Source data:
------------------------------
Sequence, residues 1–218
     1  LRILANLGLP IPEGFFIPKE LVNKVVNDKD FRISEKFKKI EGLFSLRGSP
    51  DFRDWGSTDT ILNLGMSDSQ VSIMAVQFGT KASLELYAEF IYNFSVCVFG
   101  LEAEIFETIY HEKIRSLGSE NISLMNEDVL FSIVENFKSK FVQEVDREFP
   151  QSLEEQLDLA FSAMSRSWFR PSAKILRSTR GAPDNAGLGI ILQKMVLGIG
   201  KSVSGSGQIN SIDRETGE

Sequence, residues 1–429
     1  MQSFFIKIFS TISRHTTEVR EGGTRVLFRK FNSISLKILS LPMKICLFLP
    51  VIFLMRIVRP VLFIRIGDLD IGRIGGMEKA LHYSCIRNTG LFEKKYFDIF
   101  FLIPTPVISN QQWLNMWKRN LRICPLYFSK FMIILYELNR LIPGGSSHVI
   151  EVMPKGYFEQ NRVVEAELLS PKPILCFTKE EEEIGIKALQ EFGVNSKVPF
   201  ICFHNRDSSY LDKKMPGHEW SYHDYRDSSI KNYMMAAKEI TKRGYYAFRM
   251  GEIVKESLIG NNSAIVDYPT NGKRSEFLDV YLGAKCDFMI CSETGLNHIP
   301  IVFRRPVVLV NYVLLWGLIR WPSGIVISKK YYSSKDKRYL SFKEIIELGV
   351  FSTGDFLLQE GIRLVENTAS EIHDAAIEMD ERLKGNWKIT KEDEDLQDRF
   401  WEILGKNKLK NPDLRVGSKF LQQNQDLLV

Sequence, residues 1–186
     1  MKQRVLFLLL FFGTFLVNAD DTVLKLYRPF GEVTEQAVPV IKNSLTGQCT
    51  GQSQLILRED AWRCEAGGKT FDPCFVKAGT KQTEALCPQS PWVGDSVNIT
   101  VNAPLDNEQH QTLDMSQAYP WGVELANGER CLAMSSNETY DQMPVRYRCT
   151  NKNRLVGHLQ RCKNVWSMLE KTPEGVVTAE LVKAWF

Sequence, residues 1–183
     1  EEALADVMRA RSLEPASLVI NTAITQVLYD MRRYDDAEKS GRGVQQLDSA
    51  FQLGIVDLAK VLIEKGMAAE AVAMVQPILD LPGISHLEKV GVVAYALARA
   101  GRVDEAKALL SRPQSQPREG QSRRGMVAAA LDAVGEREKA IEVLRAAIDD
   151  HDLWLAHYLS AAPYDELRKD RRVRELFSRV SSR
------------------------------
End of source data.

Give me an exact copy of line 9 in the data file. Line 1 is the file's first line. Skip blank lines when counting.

    51  VIFLMRIVRP VLFIRIGDLD IGRIGGMEKA LHYSCIRNTG LFEKKYFDIF